Pope John Paul II, dressed in his ceremonial regalia, lies prostrate on a rich red carpet. Clinging to his crucifix crozier, he frowns with disquieting intensity, his eyes tightly shut. Nearby lies a scattering of glass shards. A chunky meteorite has plummeted from the heavens, smashed through the gallery skylight, and come to rest in the crook of his bent leg. We presume that the life-size representation shows the pontiff as dead or injured.

What are we to make of this provocative work by the Italian sculptor Maurizio Cattelan? The sculpture is deemed culturally important. It is of high financial value, and was sold to a private collector in 2004 for US$2.7 million. Exhibited in prestigious galleries throughout the world, it uniformly attracts media attention and religious controversy.

We can read the narrative readily, but its meaning is harder to discern. There is a great tradition of death narratives in Italian art. We may see a parallel with the martyrdom of St Stephen, who was stoned to death. Cattelan has been careful with the iconographical details. He has replicated the crozier that was originally made by Lello Scorzelli for Pope Paul VI, based on a traditional type from the Val Gardena region in northern Italy. In 1990, John Paul II was presented with a modified, lighter version.


However, we look in vain for a known story into which Cattelan's narrative fragment can be inserted. The artist himself does little to help. He is renowned for extreme and provocative imagery that he generally refuses to explain. He once encased the owner of the gallery that represents him in a huge, pink penis suit. The gallerist was even persuaded to wear the absurd costume for six weeks. This is the kind of stunt that gives the art world a bad name.

Cattelan stands in the tradition of Marcel Duchamp, the supreme maker of anti-art that the art world has canonized as art. In displaying everyday items in galleries, Duchamp challenged the definition of art and also exposed the art world to ridicule. Similarly, in Cattelan's piece, enigma and paradox prevail. We have to make of it what we will, aware that the joke might be at our expense.

Cattelan leaves some clues. The title, La Nona Ora, or The Ninth Hour, refers to the time of Christ's death on the cross. This representation of the death of Pope John Paul II might be an imitation of Christ's. In a typically elusive interview, Cattelan said, “I like the idea that someone is trying to save the Pope, like an upside-down miracle, coming not from the heavens but from earth”. But he adds dismissively, “in the end it is only a piece of wax”.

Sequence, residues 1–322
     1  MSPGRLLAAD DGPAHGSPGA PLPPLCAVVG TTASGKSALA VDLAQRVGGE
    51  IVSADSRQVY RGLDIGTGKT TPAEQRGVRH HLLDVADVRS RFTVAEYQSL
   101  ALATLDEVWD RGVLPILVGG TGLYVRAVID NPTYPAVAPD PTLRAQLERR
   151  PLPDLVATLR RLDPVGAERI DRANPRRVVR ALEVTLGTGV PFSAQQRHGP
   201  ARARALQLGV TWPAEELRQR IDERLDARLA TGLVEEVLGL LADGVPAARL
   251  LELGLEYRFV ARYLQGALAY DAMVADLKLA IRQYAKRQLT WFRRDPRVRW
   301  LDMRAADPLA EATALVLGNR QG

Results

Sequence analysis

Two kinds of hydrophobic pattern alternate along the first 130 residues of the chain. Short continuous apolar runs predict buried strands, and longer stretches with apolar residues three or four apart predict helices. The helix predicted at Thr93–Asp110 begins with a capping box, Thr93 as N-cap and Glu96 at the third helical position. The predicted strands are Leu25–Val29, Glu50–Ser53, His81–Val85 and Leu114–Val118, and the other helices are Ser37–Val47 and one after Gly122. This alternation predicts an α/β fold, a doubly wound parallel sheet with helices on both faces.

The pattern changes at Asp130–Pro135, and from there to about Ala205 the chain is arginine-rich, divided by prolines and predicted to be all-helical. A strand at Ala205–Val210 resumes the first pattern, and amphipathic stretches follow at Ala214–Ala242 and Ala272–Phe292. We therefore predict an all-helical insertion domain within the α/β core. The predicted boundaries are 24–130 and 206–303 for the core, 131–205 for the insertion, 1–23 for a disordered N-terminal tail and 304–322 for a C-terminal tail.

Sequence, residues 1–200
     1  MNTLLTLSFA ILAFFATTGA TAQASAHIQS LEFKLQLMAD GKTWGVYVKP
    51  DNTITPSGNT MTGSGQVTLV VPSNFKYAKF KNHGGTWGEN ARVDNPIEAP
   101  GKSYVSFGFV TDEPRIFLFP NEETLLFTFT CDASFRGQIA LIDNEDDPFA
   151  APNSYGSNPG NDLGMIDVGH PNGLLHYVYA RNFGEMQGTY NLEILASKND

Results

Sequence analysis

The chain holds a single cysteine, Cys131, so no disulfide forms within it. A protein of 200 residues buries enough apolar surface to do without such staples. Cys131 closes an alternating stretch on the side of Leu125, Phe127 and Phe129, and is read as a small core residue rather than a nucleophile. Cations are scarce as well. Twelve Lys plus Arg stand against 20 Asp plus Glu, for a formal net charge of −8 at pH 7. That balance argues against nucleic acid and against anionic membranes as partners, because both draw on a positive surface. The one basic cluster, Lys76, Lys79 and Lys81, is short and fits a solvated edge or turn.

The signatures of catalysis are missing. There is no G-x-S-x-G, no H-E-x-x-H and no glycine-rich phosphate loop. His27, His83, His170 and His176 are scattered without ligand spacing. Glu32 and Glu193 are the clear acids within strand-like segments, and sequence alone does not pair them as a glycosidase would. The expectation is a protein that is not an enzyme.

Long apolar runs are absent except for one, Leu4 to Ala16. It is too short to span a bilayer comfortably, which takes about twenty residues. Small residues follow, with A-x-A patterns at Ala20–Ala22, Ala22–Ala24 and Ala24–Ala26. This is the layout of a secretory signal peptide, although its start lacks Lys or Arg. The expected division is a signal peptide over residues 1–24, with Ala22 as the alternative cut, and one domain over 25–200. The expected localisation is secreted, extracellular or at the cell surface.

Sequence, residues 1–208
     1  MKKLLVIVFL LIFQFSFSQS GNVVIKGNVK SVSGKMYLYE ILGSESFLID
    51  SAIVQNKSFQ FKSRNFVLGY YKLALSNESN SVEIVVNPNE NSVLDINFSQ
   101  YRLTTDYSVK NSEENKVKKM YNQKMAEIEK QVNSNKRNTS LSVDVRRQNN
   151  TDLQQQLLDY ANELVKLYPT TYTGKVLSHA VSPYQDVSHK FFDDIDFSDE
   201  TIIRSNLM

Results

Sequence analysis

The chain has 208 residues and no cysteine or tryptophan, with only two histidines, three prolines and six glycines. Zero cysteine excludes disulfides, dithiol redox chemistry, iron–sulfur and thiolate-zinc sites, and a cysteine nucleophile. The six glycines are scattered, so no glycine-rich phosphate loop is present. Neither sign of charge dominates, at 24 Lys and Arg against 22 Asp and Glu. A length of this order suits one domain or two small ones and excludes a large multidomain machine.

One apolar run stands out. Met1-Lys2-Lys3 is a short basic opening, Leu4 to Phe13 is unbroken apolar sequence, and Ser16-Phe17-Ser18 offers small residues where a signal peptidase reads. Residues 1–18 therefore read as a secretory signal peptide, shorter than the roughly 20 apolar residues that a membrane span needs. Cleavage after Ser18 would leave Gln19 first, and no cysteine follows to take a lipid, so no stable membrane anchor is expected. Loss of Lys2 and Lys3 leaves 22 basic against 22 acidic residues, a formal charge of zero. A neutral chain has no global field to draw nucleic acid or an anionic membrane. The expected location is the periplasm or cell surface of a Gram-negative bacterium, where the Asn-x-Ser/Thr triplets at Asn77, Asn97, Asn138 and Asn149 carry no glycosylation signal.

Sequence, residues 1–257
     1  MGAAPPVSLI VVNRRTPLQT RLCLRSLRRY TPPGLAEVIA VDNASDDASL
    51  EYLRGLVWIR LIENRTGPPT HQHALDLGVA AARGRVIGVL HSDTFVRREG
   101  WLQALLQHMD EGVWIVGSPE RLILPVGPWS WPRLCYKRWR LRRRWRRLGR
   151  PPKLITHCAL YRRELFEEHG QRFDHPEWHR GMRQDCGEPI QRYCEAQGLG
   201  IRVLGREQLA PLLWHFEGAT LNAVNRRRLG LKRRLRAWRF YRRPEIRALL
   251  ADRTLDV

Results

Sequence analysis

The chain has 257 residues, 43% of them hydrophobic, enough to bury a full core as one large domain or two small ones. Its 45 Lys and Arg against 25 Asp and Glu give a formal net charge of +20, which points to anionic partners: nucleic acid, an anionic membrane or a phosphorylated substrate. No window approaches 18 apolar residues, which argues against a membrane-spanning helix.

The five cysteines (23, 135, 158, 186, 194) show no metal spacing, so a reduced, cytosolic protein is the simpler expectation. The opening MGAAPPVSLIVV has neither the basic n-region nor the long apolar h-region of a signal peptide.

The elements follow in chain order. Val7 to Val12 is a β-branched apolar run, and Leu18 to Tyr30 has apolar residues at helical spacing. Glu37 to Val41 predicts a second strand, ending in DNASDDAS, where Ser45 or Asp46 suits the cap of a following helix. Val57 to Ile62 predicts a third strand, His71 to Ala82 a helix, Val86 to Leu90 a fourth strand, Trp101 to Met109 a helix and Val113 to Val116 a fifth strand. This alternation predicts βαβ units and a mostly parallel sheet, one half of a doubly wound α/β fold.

We may add gloss to his statement by saying that the death of a martyr involves human agency, followed by divine redemption, whereas Cattelan's Pope has been struck down by heavenly intervention and awaits earthly assistance. Our responses can range from seeing the image as moving and pious, evoking our sympathy with him as a modern martyr, to regarding it as shockingly blasphemous.

When the sculpture was shown in John Paul II's native Poland in 2000 at Warsaw's Zacheta gallery, shock prevailed. Two members of the Polish parliament tried to remove the meteorite and demanded the dismissal of the gallery's curator, Anda Rottenberg, whom they described as a “civil servant of Jewish origin”. Rottenberg was eventually coerced into resigning.

My mind turns to the stone of the Kaaba in Mecca, Saudi Arabia, the focus of supreme devotion for Muslims, which is said to have been presented to Abraham by the Archangel Gabriel. It has been interpreted as a meteorite. Could Cattelan be alluding to the potential collapse of Christianity in the face of Islamic militancy? This would be inflammatory to both religions. However, it is the nature of art that the beholder completes the meaning of the artist's creation. Cattelan invites us to do so in extreme and contradictory terms.

Aware of the recent assaults on religion by scientific atheists, some people may even be tempted to see the felled Pope as an allegory of the conflict between extreme Darwinists and spiritual belief. Catellan's response might be that, although it is not actually 'wrong', this meaning is unintended. There is more to it.